Peru's recent history against Brazil is marked by lots of losses and a few missed opportunities.
That changed in a big way Sunday night — with the help from a fortunate non-call.
Peru stunned Brazil 1-0, eliminating the soccer power from Copa America on a late goal by Raul Ruidiaz that may have been a hand ball. It was Peru's first victory over the perennial power since 1985, and gave Peru the Group B title and a quarterfinal match against Colombia on Friday.
Dominated for most of the game, Peru's Andy Polo managed a takeaway and crossed to Ruidiaz in the box. He deflected the ball into the net, and Brazil keeper Alisson immediately complained the ball also made contact with Ruidiaz's hand. After a lengthy discussion by referees, the goal was allowed in the 75th minute.
"Perhaps Brazil at one point had the upper hand," Peru coach Ricardo Gareca said. "You have to be able to defend well. Peru did a good job of defending and when the time was right for us to attack we attacked."
Ruidiaz's goal came just about 10 minutes after he subbed in for Edison Flores.
Asked if he thought the goal should have been allowed, Gareca declined offer an opinion saying he hadn't seen the replays.
"This is part of the margin of error that exist in every game," he said.
Peru had 10 losses and six draws against Brazil since 1985. Brazil is eliminated after reaching at least the quarterfinals of every Copa America since 1993.
"It was a very disputed game. At the end of the game things happened that aren't dependent on the coaches or players," Brazil coach Dunga said. "They took four minutes to talk about the play. There's no way for the player or coach to influence that."
While the group stage loss could also put Dunga's job in jeopardy, he said he wasn't thinking about his job security.
"I only fear death," Dunga said.
He was definitive in saying the goal was a missed call on the referee's part.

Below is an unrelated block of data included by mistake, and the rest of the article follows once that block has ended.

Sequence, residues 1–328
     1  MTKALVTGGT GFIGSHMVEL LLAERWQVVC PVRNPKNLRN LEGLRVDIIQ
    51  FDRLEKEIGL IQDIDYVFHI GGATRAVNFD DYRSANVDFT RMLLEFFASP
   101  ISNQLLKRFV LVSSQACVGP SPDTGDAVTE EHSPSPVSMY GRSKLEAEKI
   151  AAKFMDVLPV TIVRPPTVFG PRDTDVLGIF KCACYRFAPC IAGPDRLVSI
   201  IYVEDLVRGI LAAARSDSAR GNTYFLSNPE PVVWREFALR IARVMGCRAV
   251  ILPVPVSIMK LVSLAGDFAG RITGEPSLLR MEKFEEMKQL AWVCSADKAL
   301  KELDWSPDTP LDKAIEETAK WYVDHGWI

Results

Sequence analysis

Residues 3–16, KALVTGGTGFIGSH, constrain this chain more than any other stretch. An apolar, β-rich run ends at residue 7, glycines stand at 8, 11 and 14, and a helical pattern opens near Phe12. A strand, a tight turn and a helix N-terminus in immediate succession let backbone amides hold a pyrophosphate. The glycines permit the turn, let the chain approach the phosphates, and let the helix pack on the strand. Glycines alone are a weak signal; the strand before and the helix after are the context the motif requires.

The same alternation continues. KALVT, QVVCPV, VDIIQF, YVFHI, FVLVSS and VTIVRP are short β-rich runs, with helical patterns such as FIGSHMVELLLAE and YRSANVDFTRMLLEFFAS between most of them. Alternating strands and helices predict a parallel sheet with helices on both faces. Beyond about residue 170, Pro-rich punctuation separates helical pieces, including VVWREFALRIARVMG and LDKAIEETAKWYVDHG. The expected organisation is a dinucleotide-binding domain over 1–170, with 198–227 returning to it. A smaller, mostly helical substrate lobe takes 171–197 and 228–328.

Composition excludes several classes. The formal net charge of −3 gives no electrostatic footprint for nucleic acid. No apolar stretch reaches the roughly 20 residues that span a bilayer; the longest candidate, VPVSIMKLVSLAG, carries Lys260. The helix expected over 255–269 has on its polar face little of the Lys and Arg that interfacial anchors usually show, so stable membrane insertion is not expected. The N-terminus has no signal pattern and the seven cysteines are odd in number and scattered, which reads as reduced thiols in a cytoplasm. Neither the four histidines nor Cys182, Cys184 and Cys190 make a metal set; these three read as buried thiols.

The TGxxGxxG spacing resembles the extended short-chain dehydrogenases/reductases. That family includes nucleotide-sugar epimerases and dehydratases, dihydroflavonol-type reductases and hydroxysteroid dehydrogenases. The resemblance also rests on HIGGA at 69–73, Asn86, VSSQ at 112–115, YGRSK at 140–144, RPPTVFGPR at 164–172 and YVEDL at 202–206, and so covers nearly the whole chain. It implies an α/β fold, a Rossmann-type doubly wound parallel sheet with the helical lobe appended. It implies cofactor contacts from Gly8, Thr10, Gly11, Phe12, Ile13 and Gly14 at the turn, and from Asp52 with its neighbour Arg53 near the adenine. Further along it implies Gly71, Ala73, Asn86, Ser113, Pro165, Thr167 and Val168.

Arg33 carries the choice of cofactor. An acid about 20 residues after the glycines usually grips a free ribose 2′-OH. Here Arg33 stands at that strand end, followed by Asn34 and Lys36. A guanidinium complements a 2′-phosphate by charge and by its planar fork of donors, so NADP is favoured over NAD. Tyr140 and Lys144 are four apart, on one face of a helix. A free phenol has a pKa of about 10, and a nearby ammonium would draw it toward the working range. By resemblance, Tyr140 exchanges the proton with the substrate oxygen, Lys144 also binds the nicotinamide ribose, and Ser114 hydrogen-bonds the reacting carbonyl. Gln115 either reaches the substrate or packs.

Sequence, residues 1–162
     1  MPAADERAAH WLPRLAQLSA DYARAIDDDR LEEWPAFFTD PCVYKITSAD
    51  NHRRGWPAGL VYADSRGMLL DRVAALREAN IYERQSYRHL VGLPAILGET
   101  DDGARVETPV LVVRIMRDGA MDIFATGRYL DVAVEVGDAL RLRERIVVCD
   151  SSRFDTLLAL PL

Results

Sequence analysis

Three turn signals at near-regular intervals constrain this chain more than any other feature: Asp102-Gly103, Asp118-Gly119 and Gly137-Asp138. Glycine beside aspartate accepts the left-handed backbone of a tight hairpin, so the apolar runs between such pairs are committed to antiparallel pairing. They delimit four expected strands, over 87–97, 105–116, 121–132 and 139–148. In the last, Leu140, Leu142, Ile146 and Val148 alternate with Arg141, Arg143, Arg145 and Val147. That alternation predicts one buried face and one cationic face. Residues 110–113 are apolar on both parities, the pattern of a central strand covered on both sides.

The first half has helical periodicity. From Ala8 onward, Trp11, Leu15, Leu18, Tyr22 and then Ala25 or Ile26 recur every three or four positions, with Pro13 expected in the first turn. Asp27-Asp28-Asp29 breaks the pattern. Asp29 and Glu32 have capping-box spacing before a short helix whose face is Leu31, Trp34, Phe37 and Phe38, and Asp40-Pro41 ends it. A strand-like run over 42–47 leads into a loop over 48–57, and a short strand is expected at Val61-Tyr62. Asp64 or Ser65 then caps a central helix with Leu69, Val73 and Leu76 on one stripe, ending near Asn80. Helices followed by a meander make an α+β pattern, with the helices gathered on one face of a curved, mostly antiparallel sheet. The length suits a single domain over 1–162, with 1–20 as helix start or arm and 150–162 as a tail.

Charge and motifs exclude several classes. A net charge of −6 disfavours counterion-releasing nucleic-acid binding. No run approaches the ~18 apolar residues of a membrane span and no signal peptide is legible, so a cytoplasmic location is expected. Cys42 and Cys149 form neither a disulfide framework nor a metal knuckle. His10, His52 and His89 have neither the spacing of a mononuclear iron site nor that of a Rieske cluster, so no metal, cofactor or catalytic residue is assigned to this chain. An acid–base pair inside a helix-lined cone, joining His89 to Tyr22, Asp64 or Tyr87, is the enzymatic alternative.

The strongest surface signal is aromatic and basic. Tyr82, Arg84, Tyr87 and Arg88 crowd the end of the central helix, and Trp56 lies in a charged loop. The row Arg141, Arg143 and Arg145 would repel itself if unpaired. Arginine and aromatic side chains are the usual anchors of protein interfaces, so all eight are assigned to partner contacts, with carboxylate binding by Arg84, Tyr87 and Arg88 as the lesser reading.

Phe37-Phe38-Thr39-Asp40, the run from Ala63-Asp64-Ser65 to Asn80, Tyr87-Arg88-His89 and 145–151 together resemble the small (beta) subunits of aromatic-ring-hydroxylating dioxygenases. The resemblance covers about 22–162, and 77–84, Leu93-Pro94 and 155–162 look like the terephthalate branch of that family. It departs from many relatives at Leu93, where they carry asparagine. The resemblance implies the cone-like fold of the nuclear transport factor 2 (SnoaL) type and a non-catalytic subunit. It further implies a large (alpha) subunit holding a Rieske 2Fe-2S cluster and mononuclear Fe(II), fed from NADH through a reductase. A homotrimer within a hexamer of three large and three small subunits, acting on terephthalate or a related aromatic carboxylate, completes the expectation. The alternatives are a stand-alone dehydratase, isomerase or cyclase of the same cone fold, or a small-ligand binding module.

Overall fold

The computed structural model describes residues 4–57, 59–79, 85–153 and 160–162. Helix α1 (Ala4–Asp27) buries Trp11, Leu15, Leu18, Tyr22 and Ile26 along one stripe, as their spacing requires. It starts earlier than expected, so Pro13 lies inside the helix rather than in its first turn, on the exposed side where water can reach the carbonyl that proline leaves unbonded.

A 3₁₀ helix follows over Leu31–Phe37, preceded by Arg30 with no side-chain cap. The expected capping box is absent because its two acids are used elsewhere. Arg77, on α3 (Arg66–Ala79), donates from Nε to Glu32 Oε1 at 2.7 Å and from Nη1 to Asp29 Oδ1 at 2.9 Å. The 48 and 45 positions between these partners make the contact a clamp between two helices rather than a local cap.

"The fans saw how Brazil was eliminated, the goal was scored with his hand," he said.
Ecuador locked up second place in Group B with its 4-0 win over Haiti in Sunday's early game, and will play Group A winner United States on Thursday in Seattle.
Brazil made a handful of lineup changes, starting Lucas Lima in place of suspended midfielder Casemiro. In addition, defender Miranda got the nod over Marquinhos, and forward Gabriel Barbosa started in place of Jonas.
Brazil controlled the pace in the first half, but wasn't able to complete any of its attacks all night.
In the 27th minute, Elias found Barbosa with a quick cross, but goalkeeper Pedro Gallese got enough of his fingertips on the ball to tap away Barbosa's left-footed shot toward the left corner of the net.
Then in the 36th minute, Filipe Luis got the ball to a cutting Willian as he found some space at the top of the box. Willian couldn't get off a controlled shot, though, and his attempt sailed wide left.
Gallese came through again a few minutes later, deflecting another Barbosa shot over the top of the crossbar.
Peru had no shots on goal in the first half and struggled to set up chances. Meanwhile, top scorer Jose Guerrero battled through a pair of collisions that sent him to the turf.
In the second incident, in the 29th minute, Guerrero needed attention from the training staff after he was sent to the ground by a knee to the midsection from Gil, and then was kicked in the leg as he tried to clear the ball.
Peru's best scoring opportunity came in a flurry just before the end of the half when Flores got free in box, and appeared to be tripped by Miranda but didn't receive a foul call.
Dunga said he was confident Brazil will recover from this latest setback, and urged that no one rush to judgment.
"We are going through a transition period and we have to be patient," he said. "We Brazilians don't have patience. We want a solution overnight, but that can't happen."